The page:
Assessing creativity must be intentional when teachers plan instruction. If we want our students to be creative, then we must assess it. It we want creativity to be valued as much as content, then it is must be assessed just like content. The good news is that it can be done, and we have the tools to do it!

Beyond the Standardized Test: Aim Higher


This post originally appeared on Edutopia, a site created by the George Lucas Educational Foundation, dedicated to improving the K-12 learning process by using digital media to document, disseminate, and advocate for innovative, replicable strategies that prepare students. View Original >


Standardized testing is one of the “lighting rod” issues in educational policy debates. Whether it’s a group of teachers boycotting a test in Seattle, districts across the United States tying teacher evaluations to test results, the new PARCC or Smarter Balanced Assessments being implemented, the ranking countries with PISA scores, or the SAT trying to revamp itself, the debate and topic of standardized testing simply will not go away. So what is an educator to do? With all these forces in play, whether at the district or federal level, it can be disheartening and daunting for an educator to create learning in the classroom. With all the changes, there is always pressure to teach to the test. But I think we can do better.

Encourage Higher Order Thinking
Standardized tests hit a huge range of depth of knowledge or cognitive levels of Bloom’s Taxonomy. Often a prompt may just be focusing on recall or comprehension, or inference at best. There might be some more critical thinking prompts, but those won’t necessarily dominate the standardized assessment. I believe that we, as educators, should be aiming higher, beyond what a test demands. When we aim higher, we are preparing our students for more than a test — we’re preparing them for 21st century skills paired with content.

To do this, educators need to make sure that the assessments and projects they assign their students are rigorous and focused on depth of knowledge and/or higher levels of Bloom’s. To get there, students will indeed have to do the lower levels of thinking, but we can’t just stop there. Instead, the lower level thinking should serve as scaffolding for higher order thinking. Let’s aim higher than what a standardized test might ask of our students, ensuring that they’re not only ready for the test, but more than ready for college, career and life!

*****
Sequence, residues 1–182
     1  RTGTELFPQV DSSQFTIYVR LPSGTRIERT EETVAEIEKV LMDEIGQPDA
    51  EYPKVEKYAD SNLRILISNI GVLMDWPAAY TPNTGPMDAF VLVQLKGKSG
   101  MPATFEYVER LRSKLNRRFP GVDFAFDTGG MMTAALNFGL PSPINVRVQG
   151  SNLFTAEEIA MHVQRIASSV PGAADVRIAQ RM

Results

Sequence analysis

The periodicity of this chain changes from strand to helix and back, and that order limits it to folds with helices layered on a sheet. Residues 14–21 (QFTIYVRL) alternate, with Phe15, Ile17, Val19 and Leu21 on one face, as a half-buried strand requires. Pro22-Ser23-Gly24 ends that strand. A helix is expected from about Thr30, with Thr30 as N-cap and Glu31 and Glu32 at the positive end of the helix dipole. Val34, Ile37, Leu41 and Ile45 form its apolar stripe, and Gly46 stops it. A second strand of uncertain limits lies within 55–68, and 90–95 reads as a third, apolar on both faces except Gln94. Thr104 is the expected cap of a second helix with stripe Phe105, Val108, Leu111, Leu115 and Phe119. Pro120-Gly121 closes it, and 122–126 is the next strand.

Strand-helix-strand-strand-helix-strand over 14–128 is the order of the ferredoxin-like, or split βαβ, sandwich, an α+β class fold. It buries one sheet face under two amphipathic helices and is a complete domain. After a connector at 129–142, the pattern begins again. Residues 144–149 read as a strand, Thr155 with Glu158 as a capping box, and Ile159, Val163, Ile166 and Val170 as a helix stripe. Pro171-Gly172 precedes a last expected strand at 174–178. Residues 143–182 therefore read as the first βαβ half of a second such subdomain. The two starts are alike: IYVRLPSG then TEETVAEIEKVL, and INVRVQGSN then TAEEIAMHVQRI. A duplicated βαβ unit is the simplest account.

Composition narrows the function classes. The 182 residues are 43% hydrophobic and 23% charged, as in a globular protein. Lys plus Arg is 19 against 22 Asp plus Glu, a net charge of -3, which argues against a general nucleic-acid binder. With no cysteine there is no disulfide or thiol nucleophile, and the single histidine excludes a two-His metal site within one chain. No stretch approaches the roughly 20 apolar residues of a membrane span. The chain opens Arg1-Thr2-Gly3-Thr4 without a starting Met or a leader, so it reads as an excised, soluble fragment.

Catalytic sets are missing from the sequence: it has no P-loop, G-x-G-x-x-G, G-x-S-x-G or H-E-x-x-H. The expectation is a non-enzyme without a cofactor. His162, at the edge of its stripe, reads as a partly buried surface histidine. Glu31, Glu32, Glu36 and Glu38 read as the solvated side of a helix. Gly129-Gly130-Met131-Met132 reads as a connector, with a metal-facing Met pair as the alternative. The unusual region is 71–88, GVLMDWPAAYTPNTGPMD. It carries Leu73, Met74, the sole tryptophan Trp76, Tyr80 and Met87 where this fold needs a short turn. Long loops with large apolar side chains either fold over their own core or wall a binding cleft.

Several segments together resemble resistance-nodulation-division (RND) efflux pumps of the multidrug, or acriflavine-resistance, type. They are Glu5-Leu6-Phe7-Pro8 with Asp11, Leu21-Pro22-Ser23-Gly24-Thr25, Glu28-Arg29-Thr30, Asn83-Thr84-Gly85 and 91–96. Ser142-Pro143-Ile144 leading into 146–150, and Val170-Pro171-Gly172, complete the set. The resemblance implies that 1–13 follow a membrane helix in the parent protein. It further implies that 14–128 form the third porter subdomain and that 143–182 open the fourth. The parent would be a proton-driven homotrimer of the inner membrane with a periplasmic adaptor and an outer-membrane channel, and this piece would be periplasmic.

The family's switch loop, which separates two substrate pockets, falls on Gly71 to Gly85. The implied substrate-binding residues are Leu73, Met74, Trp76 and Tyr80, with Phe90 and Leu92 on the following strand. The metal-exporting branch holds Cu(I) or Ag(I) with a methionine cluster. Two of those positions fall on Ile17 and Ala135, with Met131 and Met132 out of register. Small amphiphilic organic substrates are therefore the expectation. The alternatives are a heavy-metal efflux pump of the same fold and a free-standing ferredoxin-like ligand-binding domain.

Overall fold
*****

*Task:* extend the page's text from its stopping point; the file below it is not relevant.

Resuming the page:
Embed “Test Prep”
Instead of wasting everyone’s time prepping for the exam right before it happens, embed test prep into your daily instruction. Try to make it a meaningful assessment tool while still practicing for the test. For example, you can look at the standardized test to find the stems. Steal these stems and use them to create formative and/or summative assessments for a more engaging project or unit. These might be short-answer or multiple-choice questions, or longer essay-like questions. As a teacher, these small, low-stakes, test-like questions can help you effectively check for understanding. They also help your students become familiar with how the standardized test will look and what it will feel like. Don’t forget to be transparent — show your students how this will be like the standardized test, but also explain why you are using these questions in your instruction.

Error Analysis for Reflective Instruction
Error analysis is an excellent and intentional way to look at the student performance data for patterns and trends, and then use this data to prepare for instruction in an upcoming unit, whether that is a unit next year or next week. Douglas Fisher and Nancy Frey, two of my favorite education authors, articulate the process in “Making Time for Feedback,” an article that appeared in Educational Leadership.

So how does this fit in with standardized tests? Standardized test items should be aligned to a standard, which means the data is disaggregated into these different performance areas. Once students have taken the standardized test, the data is given back to the teacher, and the teacher should be looking at it to make informed decisions on instruction. In this case, it is often for the next year, but the data might also inform remedial instruction. Regardless, teachers can aim beyond the standardized test as just a summative assessment, and instead use it as a tool to reflect upon instruction and meet the needs of individual students.

Instead of just viewing standardized testing as “scary beast,” we can do our best not only to make it useful through error analysis, but also to prepare students for it in meaningful ways and with instruction that’s better than just test prep. We don’t need to be focusing on test prep — we need to be focusing on our students and effective instruction!